Irish people currently in a number of green list countries will have to restrict their movements from next week after the Government changed its travel list.
Greece and Italy, which are popular holiday destinations for Irish travellers, have been removed from the latest green list which comes into force from Monday.
However, the Government has been accused of creating confusion and of lacking any concrete plans around airport testing.
Opposition parties have now called for a clear plan on travel restrictions, including testing at airports following the updates to the list.
A scaled-back green list has been announced, meaning people can travel to Cyprus, Finland, Germany, Iceland, Latvia, Lithuania, and Poland without quarantining on their return. However, this list will be updated on a weekly basis.
DFA Travel Advice and Green List have been updated to reflect the latest ECDC figures. For more information, please see: https://t.co/c1yqzTatk9— DFATravelWise (@dfatravelwise) September 17, 2020
From Monday, Hungary, Italy, Slovakia, Greece, Norway, and Estonia will be removed from the list, and their security status rating has been changed to ‘avoid non-essential travel'. Passengers arriving into Ireland from these locations will be requested to restrict their movements.
Sinn Féin transport spokesperson Darren O'Rourke said his party has been calling for testing at airports for the past three months but said the Government has been continuously "flip-flopping" on the matter.
He said: "We are still deeply concerned in relation to testing and tracing, we are not convinced or persuaded by the passenger location form."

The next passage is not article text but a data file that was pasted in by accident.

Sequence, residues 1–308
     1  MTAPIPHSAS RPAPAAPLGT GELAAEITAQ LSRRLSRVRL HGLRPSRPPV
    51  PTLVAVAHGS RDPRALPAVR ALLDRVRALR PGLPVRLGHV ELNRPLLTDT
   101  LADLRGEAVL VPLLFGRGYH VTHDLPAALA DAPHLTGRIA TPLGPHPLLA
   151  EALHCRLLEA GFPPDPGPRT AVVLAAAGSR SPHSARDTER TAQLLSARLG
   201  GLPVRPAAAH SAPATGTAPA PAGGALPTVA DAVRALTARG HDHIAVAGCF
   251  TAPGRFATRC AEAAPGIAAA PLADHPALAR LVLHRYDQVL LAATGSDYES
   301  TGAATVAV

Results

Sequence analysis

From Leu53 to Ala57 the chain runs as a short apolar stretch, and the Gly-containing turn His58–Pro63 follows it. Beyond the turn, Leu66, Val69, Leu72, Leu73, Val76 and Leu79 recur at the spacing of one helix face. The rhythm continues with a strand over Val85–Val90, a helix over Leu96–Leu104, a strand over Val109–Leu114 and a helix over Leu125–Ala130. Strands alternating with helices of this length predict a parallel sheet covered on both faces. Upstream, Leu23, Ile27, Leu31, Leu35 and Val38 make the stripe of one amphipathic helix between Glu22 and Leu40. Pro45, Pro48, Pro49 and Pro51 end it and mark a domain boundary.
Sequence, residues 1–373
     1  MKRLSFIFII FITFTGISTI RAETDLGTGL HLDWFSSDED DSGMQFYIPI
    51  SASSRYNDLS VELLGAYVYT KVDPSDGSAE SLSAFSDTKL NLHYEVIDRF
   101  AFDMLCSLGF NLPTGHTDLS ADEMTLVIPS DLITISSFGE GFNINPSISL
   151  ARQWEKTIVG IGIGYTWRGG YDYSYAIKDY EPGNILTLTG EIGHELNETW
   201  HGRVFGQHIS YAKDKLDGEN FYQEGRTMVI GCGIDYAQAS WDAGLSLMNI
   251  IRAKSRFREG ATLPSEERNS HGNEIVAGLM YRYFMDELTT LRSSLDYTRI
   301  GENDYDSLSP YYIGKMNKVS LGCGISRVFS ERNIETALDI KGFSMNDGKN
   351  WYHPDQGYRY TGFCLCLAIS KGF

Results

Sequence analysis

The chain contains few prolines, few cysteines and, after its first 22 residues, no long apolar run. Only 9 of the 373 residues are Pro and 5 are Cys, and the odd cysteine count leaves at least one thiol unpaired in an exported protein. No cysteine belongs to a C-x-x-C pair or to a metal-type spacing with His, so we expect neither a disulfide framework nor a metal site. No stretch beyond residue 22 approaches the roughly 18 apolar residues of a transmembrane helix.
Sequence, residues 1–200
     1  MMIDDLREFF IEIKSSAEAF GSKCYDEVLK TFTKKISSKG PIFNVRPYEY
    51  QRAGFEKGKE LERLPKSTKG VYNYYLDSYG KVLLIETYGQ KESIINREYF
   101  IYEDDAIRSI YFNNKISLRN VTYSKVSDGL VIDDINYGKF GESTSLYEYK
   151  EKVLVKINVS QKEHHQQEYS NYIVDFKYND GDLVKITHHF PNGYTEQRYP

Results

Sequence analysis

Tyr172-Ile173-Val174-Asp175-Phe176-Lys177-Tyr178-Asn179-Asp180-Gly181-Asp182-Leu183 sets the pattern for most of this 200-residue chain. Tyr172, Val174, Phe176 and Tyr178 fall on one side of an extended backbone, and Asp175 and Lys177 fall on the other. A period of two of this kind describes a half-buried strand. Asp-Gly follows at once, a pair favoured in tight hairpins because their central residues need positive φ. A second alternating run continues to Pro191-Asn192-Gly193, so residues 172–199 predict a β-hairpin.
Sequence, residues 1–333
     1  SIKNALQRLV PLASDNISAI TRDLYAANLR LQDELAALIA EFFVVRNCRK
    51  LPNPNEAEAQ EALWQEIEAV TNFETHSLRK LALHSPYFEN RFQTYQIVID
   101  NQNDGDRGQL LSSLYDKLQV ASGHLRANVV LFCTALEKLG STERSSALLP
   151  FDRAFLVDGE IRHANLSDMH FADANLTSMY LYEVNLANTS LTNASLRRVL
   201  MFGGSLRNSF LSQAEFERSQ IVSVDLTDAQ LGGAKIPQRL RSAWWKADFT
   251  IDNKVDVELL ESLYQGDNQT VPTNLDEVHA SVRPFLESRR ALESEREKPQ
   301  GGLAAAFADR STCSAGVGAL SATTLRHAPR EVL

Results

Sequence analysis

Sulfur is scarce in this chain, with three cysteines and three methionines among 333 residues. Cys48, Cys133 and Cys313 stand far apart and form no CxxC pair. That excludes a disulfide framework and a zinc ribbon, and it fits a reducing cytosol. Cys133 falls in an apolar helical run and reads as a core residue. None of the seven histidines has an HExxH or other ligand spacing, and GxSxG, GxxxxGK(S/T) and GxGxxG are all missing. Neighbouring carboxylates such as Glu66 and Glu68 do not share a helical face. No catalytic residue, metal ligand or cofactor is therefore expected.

He said the lack of airport testing is now a "fundamental weakness in our response to the virus".
Labour transport spokesperson, Duncan Smith said as far back as August health minister Stephen Donnelly had announced that random testing at airports would begin imminently, but said testing has yet to commence.
He said: “The Government has made a complete mess of this with an incoherent and inconsistent policy. They need to immediately come out and explain what the definitive position on airport testing is, when it will commence. And if it is definitively scrapped, they need to tell us why.
“We are now nearly two months on from when Minister Donnelly made the initial announcement about airport testing. It seems the Government has no concrete plans to put in place a comprehensive testing and tracing regime in our airports and are making it up as they go along."
While the Government has agreed to adopt the traffic light system currently being worked on by the European Commission, the Department of Foreign Affairs will be using its own green list until the EU-wide measures are signed off on.
"People should use our travel advice to carefully consider their need to go abroad and take into account the restrictions that other countries may have on travellers from Ireland," a Department of Foreign Affairs spokesperson said.